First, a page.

The New York Times published “Heavier People Don’t Die Young” on the 11th, 2016. This article reports on a study reported in the Journal of the American Medical Association, “Change in Body Mass Index Associated with Lowest Mortality in Denmark, 1976-2013,” on May 10, 2016. The JAMA summary is dense and based on statistics, and is challenging to read. The NYT summary is much more accessible, but the title is a bit misleading and should be something more like, “Don’t Panic If Your BMI Is 27.”
The Danish study compared data from three time periods, focusing on correlations between BMI and mortality for more than 120,000 people. The earliest data, from the ’70s, found that the lowest mortality was associated with a BMI of about 23. The second set of data, from the ’90s, found an increase in that BMI to about 24, but, surprisingly, the most recent data, from 2003 two 2013, found that BMI with the lowest association of “all-cause mortality” to be 27.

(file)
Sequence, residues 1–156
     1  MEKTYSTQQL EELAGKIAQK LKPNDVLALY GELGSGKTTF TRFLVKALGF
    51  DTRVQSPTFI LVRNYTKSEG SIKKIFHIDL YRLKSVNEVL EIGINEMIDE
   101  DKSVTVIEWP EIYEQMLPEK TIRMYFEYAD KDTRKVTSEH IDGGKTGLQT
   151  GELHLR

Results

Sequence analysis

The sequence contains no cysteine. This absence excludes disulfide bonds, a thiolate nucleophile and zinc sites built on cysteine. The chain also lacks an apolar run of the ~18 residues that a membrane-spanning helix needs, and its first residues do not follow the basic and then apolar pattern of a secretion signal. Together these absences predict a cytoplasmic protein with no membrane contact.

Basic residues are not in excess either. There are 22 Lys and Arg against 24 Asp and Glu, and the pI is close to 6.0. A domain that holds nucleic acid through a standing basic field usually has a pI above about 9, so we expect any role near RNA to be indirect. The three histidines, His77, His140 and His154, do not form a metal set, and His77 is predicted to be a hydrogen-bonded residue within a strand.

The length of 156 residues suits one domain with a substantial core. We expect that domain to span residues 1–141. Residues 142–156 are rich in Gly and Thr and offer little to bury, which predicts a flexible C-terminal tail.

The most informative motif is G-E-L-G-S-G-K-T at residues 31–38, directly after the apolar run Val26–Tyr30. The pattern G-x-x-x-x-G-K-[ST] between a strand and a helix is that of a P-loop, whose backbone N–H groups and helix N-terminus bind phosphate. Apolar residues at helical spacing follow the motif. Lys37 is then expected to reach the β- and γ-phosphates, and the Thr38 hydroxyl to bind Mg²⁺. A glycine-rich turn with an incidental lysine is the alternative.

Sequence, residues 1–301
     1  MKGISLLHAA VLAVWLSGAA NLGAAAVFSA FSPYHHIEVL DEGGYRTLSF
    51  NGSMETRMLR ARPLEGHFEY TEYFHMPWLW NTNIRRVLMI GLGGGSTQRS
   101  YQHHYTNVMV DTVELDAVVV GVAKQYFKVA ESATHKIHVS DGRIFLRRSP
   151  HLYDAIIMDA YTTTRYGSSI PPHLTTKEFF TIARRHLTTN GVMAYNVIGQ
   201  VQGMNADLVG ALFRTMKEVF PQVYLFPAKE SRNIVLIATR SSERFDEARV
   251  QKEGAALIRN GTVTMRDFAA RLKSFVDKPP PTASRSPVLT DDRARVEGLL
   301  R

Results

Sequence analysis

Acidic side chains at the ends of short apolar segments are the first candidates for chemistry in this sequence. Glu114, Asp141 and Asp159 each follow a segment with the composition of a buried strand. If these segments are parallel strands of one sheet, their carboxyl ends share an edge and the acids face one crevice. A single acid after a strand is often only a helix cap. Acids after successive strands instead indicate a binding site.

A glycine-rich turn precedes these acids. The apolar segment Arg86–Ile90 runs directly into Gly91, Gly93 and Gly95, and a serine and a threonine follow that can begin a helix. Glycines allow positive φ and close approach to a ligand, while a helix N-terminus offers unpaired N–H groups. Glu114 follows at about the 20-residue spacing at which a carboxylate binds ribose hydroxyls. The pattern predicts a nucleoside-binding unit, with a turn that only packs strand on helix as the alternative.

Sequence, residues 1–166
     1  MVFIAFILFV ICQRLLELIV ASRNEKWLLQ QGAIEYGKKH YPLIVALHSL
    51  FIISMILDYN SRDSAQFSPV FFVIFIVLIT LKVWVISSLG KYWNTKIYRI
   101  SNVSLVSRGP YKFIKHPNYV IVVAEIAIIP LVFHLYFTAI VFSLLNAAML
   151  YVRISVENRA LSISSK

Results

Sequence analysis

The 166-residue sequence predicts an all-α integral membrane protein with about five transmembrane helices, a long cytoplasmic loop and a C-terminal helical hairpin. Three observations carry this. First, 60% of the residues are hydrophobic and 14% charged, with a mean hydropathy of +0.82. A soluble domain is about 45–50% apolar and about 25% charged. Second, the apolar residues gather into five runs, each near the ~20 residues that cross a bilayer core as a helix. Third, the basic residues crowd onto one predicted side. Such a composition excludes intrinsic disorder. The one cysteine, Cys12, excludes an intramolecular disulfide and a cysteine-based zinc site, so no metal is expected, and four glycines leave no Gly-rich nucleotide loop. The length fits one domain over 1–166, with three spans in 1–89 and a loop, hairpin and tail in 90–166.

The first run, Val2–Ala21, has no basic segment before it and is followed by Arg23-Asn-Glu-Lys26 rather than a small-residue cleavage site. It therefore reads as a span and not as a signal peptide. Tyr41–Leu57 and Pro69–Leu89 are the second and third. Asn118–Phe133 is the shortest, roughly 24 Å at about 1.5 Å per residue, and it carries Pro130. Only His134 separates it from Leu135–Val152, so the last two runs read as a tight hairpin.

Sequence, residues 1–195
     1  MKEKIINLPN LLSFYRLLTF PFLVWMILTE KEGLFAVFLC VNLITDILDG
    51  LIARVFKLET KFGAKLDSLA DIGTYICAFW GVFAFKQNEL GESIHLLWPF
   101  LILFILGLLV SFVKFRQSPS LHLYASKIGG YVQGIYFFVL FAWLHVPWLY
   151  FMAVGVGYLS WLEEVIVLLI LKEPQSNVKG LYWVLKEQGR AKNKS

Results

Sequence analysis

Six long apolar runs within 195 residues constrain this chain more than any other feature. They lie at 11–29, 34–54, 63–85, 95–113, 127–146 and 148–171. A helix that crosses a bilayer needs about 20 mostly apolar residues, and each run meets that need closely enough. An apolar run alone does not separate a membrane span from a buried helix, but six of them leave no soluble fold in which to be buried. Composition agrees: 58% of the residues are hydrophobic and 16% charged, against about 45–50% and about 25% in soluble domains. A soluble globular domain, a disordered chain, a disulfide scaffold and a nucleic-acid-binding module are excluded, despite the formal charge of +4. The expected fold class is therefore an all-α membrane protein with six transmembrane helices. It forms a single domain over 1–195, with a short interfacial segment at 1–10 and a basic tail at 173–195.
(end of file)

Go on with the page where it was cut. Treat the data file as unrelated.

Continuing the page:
The Danish senior author of the study hypothesized that this change may be due to better treatment of cardiovascular risk factors, but, as is typical for science, “more research is needed” and “the results may not be generalizable to other groups.” The New York Times author notes, “In any case, this does not mean that a person of normal weight should aim to gain weight.” The Danish scientist is quoted, “If you are 27, then maybe you don’t need to worry as much as he did.” He goes on to say, “but that doesn’t mean ‘now I can be as much as I want.’”
MHconcierge’s take: it is challenging to keep up with the evolving research findings with implications for healthcare psychology. People with mildly elevated BMIs do not need to worry perhaps as much as they have in the past-but it still is advisable to work with them to try to improve their health by losing weight.